COMING CLEAN: If you’re familiar with indie rock sensation (and bloggers’ darling) Nathan Williams, you’ve probably already made your decisions about Wavves. But if you’ve yet to get acquainted with Williams and his San Diego-based moniker-cum-band, a little backstory is necessary.
In 2007, after falling out with his high school bandmates, a 20-year-old Williams took to his parents’ house and cranked out two discs’ worth of lo-fi, punk-tinged slacker anthems (2008’s Wavves and 2009’s Wavvves) that were too naïvely catchy to ignore. Fortunately—or unfortunately, depending on whom you talk to—the blogosphere took note, and quickly turned Williams from obscure California skate rat to international music commodity. A backing band was formed, tours were lined up, and before long, Wavves were playing some of the largest music festivals in the world. Of course, as all good stories go, the band had its necessary fall from grace; in this case, a drug-fueled onstage implosion of Behind the Music-size proportions during last year’s Primavera Sound Festival in Barcelona, Spain. Williams’s band members threw in the towel, the semi-unapologetic frontman cancelled his tour, and the future of Wavves lay in limbo.
Not long after, though, the singer recruited former Jay Reatard backers Billy Hayes and Stephen Pope and headed back into the studio to prove his worth. The result of Williams’s efforts, this month’s King of the Beach, finds the three-piece teaming up with big-name producer Dennis Herring (Modest Mouse, Counting Crows) for a studio-made album well worthy of all the praise it’s been receiving. The songs are bratty, buoyant, and filled to the brim with Williams’s signature adolescent ramblings. But in place of all that gritty tape noise, we get loud and furious guitars (“Idiot”), a strong and steady rhythm section (“Take On the World”), and just a hint of totally awesome Animal Collective-style loops and synths (“Mickey Mouse”). Rather than make a comeback, Williams has reinvented himself, almost forcing us to forget all the childish shenanigans that made him so notorious to begin with … almost.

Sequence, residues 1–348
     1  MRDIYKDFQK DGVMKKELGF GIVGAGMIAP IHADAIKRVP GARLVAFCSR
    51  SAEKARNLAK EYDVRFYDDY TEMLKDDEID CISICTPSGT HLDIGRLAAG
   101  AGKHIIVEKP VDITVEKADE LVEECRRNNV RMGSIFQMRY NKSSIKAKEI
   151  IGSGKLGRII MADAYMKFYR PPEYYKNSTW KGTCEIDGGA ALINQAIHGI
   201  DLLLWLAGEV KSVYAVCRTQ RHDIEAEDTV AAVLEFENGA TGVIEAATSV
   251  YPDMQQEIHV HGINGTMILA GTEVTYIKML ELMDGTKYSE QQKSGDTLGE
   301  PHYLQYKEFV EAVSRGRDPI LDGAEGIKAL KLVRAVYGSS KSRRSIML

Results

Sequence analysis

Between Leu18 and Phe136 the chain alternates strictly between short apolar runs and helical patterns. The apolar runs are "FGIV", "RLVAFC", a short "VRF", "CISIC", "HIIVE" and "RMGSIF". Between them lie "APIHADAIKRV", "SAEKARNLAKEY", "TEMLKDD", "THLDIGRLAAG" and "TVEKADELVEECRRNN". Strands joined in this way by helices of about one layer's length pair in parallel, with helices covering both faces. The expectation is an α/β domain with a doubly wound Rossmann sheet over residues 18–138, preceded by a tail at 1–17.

En route home from the airport the afternoon following their show at New York City’s famous Bowery Ballroom, Williams and his bandmates sound more like a carful of kids than world-famous musicians. They pass snacks, smokes, and conversation around like the potheads I remember from college, joking in place of finishing their sometimes serious, but mostly apathetic sentences.
“At first it was pretty weird,” Williams says of heading into the studio with Herring. “He got mad at us for smoking weed behind the studio one day, and when we were slacking off, he would yell at us. But for the most part, it was cool. Once we all gained a rapport with each other or whatever, it worked out really well.”
The homemade sounds of his two previous efforts having been ditched, it stands to reason that the big studio setup was more than a bit daunting for Williams. “It was exciting, but it was a little bit scary, too,” Williams recalled. “It was a little uncomfortable to be able to actually hear my voice, but I was really excited.” “We thought it was bangin’,” add Hayes and Pope without missing a beat.
Later, Pope gets dealt the phone and gives me a rundown of his recent grocery buys (a smattering of produce and water), explaining that Williams is demanding his bandmates slim down and “get hunky” for their next string of dates. They’re joking (I hope), but the sarcasm is so deeply entrenched in these three, it’s difficult to ever know for sure.
“When [Hayes, Pope, and I] toured in Europe together, the vibe just felt like it was right,” Williams says of his new bandmates. “As it’s always been with Wavves, it was kinda like, okay, this is a good idea; let’s do it.”